The court found that the Becks violated the Fair Housing Act by denying Halliburton the rental property in Detroit Lakes, Minnesota that she was applying for in 2007. Although Halliburton was told that the property was no longer available, a month after she was turned down , it was rented to a white man. Gregory Beck claims that he and his mother never discriminated against Halliburton, and that the government “was lied to” and that officials “want to believe the minority because that is what they represent.”
Halliburton says she is not surprised that Gregory Beck denies mistreating her. She also says that despite her poor treatment by the Becks, she was determined to make her home in Detroit Lakes, and has since found a home with a “wonderful landlord”. She is working as a nurse’s assistant and attending college nearby. She has not let the Becks dissuade her from creating a life for herself in the town she has chosen to settle in.
But Halliburton was not about to let the Becks get away with their discriminatory behavior. She filed a report alleging discrimination, and will now receive compensation for her ordeal.
In its complaint, the federal government alleged that in July 2007, Halliburton answered an ad for a duplex unit for rent on West Lake Avenue in Detroit Lakes. In an initial telephone conversation, Pearl Beck said that the residence was available. She later acknowledged to HUD that she did not know the caller's race at the time of the phone call.Interestingly enough, when I was in college, I took an undergraduate course in law, and the professor INSISTED that it was perfectly legal to discriminate when renting property. He claimed that if a landlord owns private property they have the right to decide who they do and do not want to rent to based on ANY factor they want to take into consideration.
But when Halliburton arrived to see the property with her boyfriend and his father, Pearl Beck said it was not for rent, adding, "No way. No way. It's not for rent. I can't do this. I'm not renting to these kinds of people."
The next day, according to HUD, a white woman and acquaintance of Halliburton's posed as a prospective renter and met Pearl Beck at the same property. The acquaintance asked Pearl Beck whether she rented to blacks or American Indians. The landlord responded, "A carload of them came by the other day, but I will keep that unit vacant or move in myself before renting to blacks."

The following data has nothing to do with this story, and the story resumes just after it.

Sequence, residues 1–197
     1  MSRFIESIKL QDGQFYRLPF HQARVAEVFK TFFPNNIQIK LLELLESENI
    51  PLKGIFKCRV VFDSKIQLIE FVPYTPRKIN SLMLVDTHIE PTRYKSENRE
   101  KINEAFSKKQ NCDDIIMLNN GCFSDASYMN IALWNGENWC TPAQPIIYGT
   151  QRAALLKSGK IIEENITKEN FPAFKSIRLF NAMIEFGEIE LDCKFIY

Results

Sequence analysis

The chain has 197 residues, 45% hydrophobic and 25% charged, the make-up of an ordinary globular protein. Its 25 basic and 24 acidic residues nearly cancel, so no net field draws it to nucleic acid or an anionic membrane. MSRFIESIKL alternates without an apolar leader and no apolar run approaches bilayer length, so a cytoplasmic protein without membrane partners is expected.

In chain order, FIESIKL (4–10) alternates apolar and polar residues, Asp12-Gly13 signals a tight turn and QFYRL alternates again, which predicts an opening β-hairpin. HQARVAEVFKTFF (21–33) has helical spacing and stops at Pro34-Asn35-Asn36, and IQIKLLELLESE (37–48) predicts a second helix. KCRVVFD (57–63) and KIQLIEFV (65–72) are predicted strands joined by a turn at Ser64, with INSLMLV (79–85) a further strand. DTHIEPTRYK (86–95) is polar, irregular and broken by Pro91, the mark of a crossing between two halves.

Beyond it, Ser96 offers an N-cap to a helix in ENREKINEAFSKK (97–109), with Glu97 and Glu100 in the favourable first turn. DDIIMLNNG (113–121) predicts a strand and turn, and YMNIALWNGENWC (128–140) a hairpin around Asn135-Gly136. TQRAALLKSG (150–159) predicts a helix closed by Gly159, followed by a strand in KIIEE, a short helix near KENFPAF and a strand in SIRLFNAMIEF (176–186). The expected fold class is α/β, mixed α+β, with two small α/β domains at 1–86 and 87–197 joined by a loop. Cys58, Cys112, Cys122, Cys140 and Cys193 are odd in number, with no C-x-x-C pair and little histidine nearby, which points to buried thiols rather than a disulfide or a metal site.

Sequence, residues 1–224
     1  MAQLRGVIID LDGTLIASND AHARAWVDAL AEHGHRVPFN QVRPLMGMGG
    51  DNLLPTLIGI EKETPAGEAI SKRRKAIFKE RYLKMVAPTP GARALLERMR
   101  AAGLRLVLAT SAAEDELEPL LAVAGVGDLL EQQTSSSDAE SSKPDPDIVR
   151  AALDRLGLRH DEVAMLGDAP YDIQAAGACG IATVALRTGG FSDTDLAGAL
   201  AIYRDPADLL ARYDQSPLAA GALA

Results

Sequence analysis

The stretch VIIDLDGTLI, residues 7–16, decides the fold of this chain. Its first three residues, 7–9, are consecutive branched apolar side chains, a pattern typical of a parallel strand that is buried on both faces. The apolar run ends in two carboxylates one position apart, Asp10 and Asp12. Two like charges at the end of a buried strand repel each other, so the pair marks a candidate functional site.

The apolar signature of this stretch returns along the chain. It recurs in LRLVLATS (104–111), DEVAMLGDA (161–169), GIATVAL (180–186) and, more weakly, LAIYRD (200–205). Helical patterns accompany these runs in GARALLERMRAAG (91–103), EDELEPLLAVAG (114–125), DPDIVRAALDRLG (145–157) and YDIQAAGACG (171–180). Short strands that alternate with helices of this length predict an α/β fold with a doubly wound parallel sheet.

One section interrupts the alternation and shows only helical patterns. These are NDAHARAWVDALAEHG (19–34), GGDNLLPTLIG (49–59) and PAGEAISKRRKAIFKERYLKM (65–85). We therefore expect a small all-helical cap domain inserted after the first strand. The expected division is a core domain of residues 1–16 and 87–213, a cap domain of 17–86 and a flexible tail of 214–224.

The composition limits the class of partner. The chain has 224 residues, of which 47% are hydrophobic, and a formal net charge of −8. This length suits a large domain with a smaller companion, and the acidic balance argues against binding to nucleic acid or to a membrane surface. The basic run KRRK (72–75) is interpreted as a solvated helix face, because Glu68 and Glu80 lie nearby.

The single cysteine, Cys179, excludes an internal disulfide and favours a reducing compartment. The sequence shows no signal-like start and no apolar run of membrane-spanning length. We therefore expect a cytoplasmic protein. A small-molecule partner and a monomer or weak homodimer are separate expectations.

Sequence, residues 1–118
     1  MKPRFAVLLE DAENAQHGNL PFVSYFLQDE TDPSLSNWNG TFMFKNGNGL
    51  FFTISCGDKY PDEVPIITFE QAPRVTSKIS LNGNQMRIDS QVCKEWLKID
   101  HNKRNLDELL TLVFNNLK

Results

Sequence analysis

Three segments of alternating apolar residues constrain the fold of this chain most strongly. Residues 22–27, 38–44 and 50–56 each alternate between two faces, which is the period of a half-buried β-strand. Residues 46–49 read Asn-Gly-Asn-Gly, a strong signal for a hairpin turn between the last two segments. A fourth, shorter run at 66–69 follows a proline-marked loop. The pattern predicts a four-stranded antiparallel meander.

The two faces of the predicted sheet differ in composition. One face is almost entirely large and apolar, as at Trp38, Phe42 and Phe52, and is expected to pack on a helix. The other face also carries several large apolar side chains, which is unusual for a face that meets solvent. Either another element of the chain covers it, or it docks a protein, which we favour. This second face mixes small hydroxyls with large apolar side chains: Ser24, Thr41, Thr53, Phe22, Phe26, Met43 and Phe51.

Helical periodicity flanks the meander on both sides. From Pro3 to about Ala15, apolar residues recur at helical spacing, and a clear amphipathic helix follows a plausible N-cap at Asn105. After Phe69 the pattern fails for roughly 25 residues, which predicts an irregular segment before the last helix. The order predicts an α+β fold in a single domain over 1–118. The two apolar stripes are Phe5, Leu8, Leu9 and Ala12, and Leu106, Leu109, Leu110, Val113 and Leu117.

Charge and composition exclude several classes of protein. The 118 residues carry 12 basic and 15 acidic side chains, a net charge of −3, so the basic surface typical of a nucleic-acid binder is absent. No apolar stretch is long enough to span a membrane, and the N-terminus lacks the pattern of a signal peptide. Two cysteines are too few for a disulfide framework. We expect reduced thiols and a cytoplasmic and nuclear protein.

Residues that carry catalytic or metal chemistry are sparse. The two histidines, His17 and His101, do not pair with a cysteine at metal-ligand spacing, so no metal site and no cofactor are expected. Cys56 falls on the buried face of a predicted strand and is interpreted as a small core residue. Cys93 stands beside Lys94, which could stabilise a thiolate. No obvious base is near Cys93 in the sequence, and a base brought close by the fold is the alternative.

Halliburton contacted Legal Services of Northwest Minnesota, and one of its attorneys called Pearl Beck. She told the attorney that her tenants next door had told her that they would move out if she rented to "black people." The attorney responded that that type of discrimination was illegal.
Beck then said Halliburton had dogs, and that was why she turned her down. She added that the home was too small for the prospective tenant, and that she planned to move in there herself.
As part of the agreement, the Becks paid Halliburton $25,500, and they must cease refusing to rent property based on race, display fair-housing materials in all of their rental properties and include the words "Equal Housing Opportunity" in any of their advertising material.
They also must attend a training program focusing on the race-related provisions of federal, state and local fair housing laws. (source)
Not true. The Fair Housing Act of 1968 forbids discrimination based on "race, color, national origin, religion, sex, familial status (including children under the age of 18 living with parents or legal custodians, pregnant women, and people securing custody of children under the age of 18), and handicap (disability)"
But, of course, we all know that race based discrimination occurs in housing all the time. In fact, I am currently planning to relocate to another state, and the friend I am going to live near has already warned me that he cannot come apartment searching with me, because he is a Black man, and seeing him accompanying me on my search will bring out the racism in the landlords I encounter.
I have actually chosen to look only at apartment complexes for this very reason, as I have received information from my current landlord that my neighbors have been complaining for years about my choice of house guests. In fact, when the woman in the apartment next door to me moved in, the neighbors apparently confronted my landlord, telling him that they did not want him to accept a Black tenant. Luckily, he did not concede to their biased demands, but it just goes to show how widespread this type of unwritten policy of race based rental discrimination is.
It seems like private landlords in particular, those who have only a few rental properties, as opposed to companies that run apartment complexes, believe that they are perfectly justified in discriminating against Black potential tenants. In fact, I remember back in the 80s, a family member had a rental property she was advertising, and she absolutely refused to even consider allowing any non-white tenants.
It is definitely time to take these landlords who make decisions based on their bigotry to task, to hold them responsible for their actions. And let's face it, there is nothing better than hitting them where it hurts... in their pockets.
QUESTION(S): Have you ever been the victim of housing discrimination?